Drooling up a storm of controversy: plastic surgery in pets
The controversy is decades old but the volume of discourse on the subject is still turned way up high. Plastic surgery is still debated as hotly as it ever was when ear crops were banned in Great Britain. Despite the ongoing movement against cosmetic plastics in vet practice, they’re still done every day in almost every city in this country. And not all are the dreaded ear crops and tail docks we’re so used to hearing about.
Ear crops and tail docks are the most common and most controversial. Most in the younger generation of vets are against the former and have mixed opinions on the latter. Dewclaw removals and feline declaws also tend to fall into the “maybe” category. I seem to follow the young crowd on these issues—I won’t do ear crops but I sometimes cave to the tails, dewclaws and declaws. (You can read my declaw post for clarity on my position regarding this procedure.)
There’s something about cutting a puppy tail as a three-day-old patient squirms in your assistant’s hands that has a tendency to evoke a bewildering series of emotions. I don’t like to do it and I certainly never will without nerve blocks and other pain-relieving techniques. In fact, if I’m lucky, I’ll never do it again. Maybe my readers’ responses will help me stick to my guns when the next batch of pups walks in the door.
The intent of this post, however, was not to discuss the mundanities of plastic surgery in pets (which most of us already have rock-hard feelings about). I’d like to bring up a few of the grayer areas you might not be familiar with.
Consider debarking, in which the larynx (voice box) is messed with to hoarsen the voice and reduce the volume of the typical bark. Sort of like a declaw procedure, it hurts and is fraught with plenty of complications, largely because it’s performed so infrequently and is usually left in the hands of non-boarded surgeons. (The board-certified surgeons I know won’t touch this procedure unless the owner can convincingly demonstrate that the procedure is required for the pet to keep its home. Even then…)
Or how about cosmetic wart removal or scar repair? I’ve been known to do both simply as a nod to a client’s aesthetic appreciation of their pet. For example, the ugly wart smack on the top of the kissy part of the forehead. If mom doesn’t want to kiss the spot anymore due to its nasty bumpiness, is that a good enough reason to take it off?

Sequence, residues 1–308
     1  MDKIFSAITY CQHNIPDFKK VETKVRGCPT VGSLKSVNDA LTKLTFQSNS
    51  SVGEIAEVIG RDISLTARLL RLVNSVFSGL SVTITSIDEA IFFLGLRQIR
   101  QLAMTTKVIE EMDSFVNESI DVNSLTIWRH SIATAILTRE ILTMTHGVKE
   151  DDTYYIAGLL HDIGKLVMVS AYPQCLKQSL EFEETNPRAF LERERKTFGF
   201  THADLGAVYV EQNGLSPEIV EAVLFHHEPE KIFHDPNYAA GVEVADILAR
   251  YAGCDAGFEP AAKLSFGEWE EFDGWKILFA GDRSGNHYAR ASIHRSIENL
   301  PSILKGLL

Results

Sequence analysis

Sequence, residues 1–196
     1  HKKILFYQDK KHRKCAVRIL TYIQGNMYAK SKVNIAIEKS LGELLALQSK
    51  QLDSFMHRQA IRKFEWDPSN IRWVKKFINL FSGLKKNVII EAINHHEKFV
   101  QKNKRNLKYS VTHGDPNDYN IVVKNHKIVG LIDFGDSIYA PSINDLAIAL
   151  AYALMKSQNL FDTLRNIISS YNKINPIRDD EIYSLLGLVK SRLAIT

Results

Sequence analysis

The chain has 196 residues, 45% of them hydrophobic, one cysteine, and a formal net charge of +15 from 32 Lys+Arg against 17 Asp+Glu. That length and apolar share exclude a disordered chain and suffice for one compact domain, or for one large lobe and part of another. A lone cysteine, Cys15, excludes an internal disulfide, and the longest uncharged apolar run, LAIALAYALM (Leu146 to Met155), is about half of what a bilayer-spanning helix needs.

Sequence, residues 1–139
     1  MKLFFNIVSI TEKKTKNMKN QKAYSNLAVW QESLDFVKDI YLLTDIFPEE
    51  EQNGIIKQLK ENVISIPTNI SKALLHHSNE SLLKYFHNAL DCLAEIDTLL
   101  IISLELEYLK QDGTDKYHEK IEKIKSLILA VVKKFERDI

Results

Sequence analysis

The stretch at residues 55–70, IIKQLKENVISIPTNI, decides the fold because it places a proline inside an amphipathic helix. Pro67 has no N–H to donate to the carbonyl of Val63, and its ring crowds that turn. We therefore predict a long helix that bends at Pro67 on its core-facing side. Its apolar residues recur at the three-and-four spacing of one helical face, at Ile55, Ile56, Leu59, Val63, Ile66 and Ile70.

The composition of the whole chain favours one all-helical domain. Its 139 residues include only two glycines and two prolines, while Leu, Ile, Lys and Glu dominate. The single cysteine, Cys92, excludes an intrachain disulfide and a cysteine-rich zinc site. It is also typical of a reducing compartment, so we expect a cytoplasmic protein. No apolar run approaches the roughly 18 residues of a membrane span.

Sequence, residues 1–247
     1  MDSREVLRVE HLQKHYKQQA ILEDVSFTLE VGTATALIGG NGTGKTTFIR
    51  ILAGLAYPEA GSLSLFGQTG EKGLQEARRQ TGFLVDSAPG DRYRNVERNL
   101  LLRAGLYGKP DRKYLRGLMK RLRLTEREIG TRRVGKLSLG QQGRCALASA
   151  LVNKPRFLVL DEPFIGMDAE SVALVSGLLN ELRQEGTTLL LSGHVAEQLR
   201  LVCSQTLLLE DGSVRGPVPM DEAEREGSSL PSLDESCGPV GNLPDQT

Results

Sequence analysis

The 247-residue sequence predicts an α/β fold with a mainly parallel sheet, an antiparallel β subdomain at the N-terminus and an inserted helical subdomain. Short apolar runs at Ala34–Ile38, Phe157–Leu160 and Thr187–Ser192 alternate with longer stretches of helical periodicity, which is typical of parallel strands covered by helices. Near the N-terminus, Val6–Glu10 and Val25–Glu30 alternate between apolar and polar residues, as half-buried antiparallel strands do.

How about when the Weimeraner’s ear was bitten off at the tip by his sister? Was it OK for me to graft a fold of forehead skin to manufacture a new, rounded ear margin? (For the record, restorative plastics are something I usually recommend against. But I never begrudge an owner a back-to-the-way-it-was technique if they really want it.)
My final example is one I alluded to in this post’s title: lip fold surgery for heavy droolers. Now—drooling is not a pathologic process; dogs just do it out of necessity when their faces are shaped in such a way that the saliva tends to drip from their mouths willy-nilly. It makes for a messy house.
In the case in question, one of my colleagues at work has a Presa Canario. It’s not that he ever wanted a [notoriously aggressive] Presa; it’s just that this puppy had a cleft palate. He and our staff took it in (these pups are usually euthanized) and nursed it into the giant, healthy beast he is today. Consequently, we all have a soft spot for this gentle guy. Problem is, Abraham drools like a fool 24/7. The spit coats his home and is wreaking havoc on his formerly healthy marriage. But I digress…
Point is, Abraham is scheduled for lip surgery this week. The goal is to minimize the drool he emits by tucking his pendulous lip folds into a spot on his upper jaw’s mucous membranes. This is Abraham:
“It could work,” I said, when I saw an illustration of the procedure in a prominent surgery textbook.
But, then again, maybe not… Either way, an attempt is scheduled. Hopefully, my boyfriend (the vet surgeon) will lend his presence to the surgical party we’re planning to hold in Abraham’s honor this week.
But here’s my question: Is it ethical? After all, it’s normal to drool. I’m sure Abraham could care less whether he drools or not but I’m sure he’d vote against the surgery if he had a choice in the matter. Although it shouldn’t be very painful, every surgery has its risks. And dogs bred with faces like this—well, they’re bred to drool. Anyone who owns a Presa should know they’re in for a storm of saliva. They should deal with it (IMHO).
But given the circumstances of Abraham’s survival and subsequent adoption by my colleague (and the situation at home), I’m persuaded to vote in favor of the surgery. Regardless of your feelings, I’d love to hear about them…on this and the other procedures I’ve mentioned.
There’s a line to be drawn in plastics for pets (and we all have one). As usual, I’d love your comments to help me arrive at a reasonable consensus on where it might be. Feel free to suggest other questionable surgeries. There’s always room for more discussion when the discourse is civil, as it historically has been on this site (and that’s a big compliment to you).